Over 3.2 million people have been killed by COVID-19 since December 2019.
Since the last issue of the Willis Towers Watson Political Risk Index last year, the impacts of COVID-19 have continued to reshape global politics and economics. Over 3.2 million people have been killed by COVID-19 since December 2019, when the World Health Organization first recorded the disease, and the number of infections has exceeded 153 million. Yet in practice these figures are likely to be far higher, given the uneven virus testing and treatment capacity globally and because many infected do not show symptoms.
In this edition of the Willis Towers Watson Political Risk Index – and for the subsequent editions – we have changed the underlying dataset from which the numerical risk rating scores are developed.
We have also used this issue of the Index to introduce 24 new countries and territories
We have also used this issue of the Index to introduce 24 new countries and territories, while retaining 36 countries from the previous report in mid-2020, for a total set of 61 countries and territories covered. This expansion will increase specific coverage of individual countries and regions, and at the same time allows for a wide regional picture to be established by readers.
Emergence of massed vaccination programmes offers the hope eventually of returning to ‘normal’ once a critical mass of the global population has been vaccinated. However, problems and uncertainties remain. Countries have had to turn to raising additional debt on capital markets to fund the shutting down of large parts of their economies and making maintenance payments to the millions of people who have been made unemployed or who have been furloughed due to social and business lockdowns, intended to slow the virus’s spread.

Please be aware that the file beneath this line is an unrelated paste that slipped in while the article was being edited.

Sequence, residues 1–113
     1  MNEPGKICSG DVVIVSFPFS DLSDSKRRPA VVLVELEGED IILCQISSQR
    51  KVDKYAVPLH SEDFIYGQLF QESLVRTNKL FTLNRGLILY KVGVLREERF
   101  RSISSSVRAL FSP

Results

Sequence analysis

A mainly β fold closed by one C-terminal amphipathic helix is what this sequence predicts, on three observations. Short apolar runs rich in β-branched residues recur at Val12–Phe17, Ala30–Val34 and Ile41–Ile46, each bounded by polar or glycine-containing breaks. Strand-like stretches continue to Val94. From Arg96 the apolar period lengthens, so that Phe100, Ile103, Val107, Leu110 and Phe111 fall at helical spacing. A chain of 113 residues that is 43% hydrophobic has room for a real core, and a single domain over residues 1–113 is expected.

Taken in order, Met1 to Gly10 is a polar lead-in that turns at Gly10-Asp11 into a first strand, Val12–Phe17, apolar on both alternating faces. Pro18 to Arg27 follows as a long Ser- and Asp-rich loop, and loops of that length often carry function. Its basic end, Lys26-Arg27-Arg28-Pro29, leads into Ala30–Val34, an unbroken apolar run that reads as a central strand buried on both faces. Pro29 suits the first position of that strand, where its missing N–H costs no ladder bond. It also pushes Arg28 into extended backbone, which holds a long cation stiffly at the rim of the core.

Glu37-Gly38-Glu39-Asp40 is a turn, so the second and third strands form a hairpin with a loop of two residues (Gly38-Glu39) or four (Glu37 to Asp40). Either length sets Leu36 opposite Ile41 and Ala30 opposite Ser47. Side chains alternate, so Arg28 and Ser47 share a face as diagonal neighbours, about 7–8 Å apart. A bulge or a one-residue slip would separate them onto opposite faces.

Looking further ahead, some countries, particularly emerging markets (EMs), will face pressure to manage these pandemic-related debt burdens. One way of managing the increase in debt is to raise taxes and limit or delay state investment initiatives. However, that raises the risk of strangling the much-needed economic recovery, and triggering social unrest. One of the economic variables that correlates most strongly with both mass protests and violent riots is ‘austerity’, i.e., cuts in government budgets or increases in taxes. Two pre-pandemic examples are the gilets jaunes movement in France, the onset of which was associated with an increase in fuel taxes, and the riots that swept Chile starting in 2019, associated with, in effect, a reduction in subsidy for public transport in Santiago.
One of the economic variables that correlates most strongly with both mass protests and violent riots is ‘austerity’, i.e., cuts in government budgets or increases in taxes.
As lockdown measures are eased and geopolitics refocuses on issues other than COVID-19, changes to sanctions regimes can be expected, whether ‘positively’ with their removal, or ‘negatively’. Examples arising from this issue of the Index include Myanmar and China. In both cases, human rights concerns could lead to a greater use of sanctions, as the international community seeks to tip the scales to its preferred outcomes. Another example featured in this report is Iran, in that case, the US government is considering the removal of sanctions on the country, to encourage Tehran to return to the 2015 Iran nuclear deal.
To read more, please go to the full Political Risk Index, accessible below.
Sam Wilkin is WTW's director of political risk analytics, meaning he constantly monitors emerging and existing politically-linked threats to companies. He also leads WTW's annual political risk survey.